While it is generally accepted that environmental data are critical to understanding environmental phenomena, there are yet improvements to be made in their consistent collection, curation, and sharing. This thesis describes two research efforts to improve two different aspects of hydrologic data collection and management. First described is a recipe for the design, development, and deployment of a low-cost environmental data logging and transmission system for environmental sensors and its connection to an open source data-sharing network. The hardware is built using several low-cost, open-source, mass-produced components. The system automatically ingests data into HydroServer, a standards-based server in the open source Hydrologic Information System (HIS) created by the Consortium of Universities for the Advancement of Hydrologic Sciences Inc (CUAHSI). A recipe for building the system is provided along with several test deployment results. Second, a connection between HydroServer and HydroShare is described. While the CUAHSI HIS system is intended to empower the hydrologic sciences community with better data storage and distribution, it lacks support for the kind of “Web 2.0” collaboration and social-networking capabilities that are increasing scientific discovery in other fields. The design, development, and testing of a software system that integrates CUAHSI HIS with the HydroShare social hydrology architecture is presented. The resulting system supports efficient archive, discovery, and retrieval of data, extensive creator and science metadata, assignment of a persistent digital identifier such as a Digital Object Identifier (DOI), scientific discussion and collaboration around the data and other basic social-networking features. In this system, HydroShare provides functionality for social interaction and collaboration while the existing HIS provides the distributed data management and web services framework. The system is expected to enable scientists, for the first time, to access and share both national- and research lab-scale hydrologic time series in a standards-based web services architecture combined with a social network developed specifically for the hydrologic sciences.These two research projects address and provide a solution for significant challenges in the automatic collection, curation, and feature-rich sharing of hydrologic data.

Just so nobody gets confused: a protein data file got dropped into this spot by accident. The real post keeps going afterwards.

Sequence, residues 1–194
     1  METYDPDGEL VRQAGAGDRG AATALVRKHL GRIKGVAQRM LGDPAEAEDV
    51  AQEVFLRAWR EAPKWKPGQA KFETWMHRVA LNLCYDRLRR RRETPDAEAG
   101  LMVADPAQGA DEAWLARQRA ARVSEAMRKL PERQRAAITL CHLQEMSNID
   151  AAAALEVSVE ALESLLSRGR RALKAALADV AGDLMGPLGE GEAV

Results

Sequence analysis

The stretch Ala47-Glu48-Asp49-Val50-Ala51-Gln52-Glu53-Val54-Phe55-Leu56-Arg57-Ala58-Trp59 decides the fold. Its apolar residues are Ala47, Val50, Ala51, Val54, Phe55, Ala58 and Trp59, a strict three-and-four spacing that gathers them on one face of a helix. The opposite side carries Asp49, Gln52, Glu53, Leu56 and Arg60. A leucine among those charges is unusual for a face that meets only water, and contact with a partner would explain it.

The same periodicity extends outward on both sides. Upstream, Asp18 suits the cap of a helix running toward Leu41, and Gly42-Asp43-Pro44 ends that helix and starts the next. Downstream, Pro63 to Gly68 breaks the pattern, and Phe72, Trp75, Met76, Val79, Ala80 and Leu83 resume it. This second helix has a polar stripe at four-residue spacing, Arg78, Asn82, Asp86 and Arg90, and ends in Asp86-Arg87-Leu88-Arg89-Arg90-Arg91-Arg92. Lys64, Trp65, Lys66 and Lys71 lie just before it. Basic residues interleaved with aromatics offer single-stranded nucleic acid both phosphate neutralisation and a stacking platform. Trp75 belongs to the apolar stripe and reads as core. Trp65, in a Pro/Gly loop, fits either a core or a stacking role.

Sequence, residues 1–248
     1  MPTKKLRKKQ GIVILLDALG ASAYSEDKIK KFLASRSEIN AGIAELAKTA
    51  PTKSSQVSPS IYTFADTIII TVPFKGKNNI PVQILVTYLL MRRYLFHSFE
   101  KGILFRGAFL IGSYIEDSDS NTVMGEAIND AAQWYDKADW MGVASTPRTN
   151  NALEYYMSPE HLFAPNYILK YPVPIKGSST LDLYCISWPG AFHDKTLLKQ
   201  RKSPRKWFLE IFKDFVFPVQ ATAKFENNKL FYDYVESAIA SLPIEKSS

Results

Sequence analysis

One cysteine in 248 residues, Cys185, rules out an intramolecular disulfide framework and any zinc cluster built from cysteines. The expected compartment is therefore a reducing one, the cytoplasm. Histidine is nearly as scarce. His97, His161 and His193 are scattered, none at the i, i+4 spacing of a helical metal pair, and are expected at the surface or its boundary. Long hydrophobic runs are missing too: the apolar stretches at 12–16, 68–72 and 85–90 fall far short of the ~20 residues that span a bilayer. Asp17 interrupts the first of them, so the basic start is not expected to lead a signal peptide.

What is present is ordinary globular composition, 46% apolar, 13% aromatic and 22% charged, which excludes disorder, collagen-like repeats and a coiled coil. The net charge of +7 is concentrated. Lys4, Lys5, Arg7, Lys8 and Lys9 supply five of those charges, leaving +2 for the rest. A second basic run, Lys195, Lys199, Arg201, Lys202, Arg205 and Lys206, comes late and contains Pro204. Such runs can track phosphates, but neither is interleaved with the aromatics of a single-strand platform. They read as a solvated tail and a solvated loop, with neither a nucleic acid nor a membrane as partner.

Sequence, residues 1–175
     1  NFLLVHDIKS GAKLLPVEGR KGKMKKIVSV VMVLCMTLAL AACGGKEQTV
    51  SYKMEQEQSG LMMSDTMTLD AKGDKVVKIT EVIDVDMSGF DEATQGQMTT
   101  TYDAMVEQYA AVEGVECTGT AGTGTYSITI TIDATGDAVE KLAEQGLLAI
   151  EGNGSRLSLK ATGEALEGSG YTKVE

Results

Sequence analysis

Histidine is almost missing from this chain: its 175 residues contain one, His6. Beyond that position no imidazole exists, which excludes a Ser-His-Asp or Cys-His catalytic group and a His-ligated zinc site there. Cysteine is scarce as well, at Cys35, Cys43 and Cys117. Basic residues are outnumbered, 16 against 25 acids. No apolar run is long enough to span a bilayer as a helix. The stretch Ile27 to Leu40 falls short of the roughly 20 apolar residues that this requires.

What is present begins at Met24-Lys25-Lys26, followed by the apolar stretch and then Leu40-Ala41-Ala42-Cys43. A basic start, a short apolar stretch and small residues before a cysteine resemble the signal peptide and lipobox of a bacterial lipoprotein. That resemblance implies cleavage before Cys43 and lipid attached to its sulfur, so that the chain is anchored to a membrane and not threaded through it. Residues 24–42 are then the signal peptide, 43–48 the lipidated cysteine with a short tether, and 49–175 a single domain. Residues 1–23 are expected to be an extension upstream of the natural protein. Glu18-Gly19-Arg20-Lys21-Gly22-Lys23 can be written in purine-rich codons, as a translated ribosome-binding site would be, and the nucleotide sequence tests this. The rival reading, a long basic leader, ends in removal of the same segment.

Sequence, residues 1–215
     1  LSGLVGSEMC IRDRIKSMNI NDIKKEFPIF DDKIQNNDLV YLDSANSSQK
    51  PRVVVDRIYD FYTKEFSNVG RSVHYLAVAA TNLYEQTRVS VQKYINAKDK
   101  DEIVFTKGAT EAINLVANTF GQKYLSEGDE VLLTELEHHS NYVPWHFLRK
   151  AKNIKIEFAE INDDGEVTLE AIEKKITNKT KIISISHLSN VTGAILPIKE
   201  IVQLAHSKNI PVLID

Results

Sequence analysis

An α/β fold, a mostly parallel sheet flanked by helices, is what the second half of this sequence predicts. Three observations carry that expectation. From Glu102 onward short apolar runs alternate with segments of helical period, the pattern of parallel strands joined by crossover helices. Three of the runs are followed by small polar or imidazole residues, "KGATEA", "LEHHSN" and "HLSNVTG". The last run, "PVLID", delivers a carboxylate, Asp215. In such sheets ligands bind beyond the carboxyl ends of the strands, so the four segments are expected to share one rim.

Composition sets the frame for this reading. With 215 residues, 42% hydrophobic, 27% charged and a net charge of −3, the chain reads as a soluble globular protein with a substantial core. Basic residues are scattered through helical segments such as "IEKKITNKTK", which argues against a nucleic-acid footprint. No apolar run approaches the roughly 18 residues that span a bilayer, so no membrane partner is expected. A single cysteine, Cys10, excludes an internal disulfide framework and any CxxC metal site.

College and Department

Ira A. Fulton College of Engineering and Technology; Civil and Environmental Engineering



Date Submitted


Document Type





Open-source hardware, Sensor networks, Environmental monitoring, Open-source software, Time series data, Digital objects, Social networks, Metadata, Web systems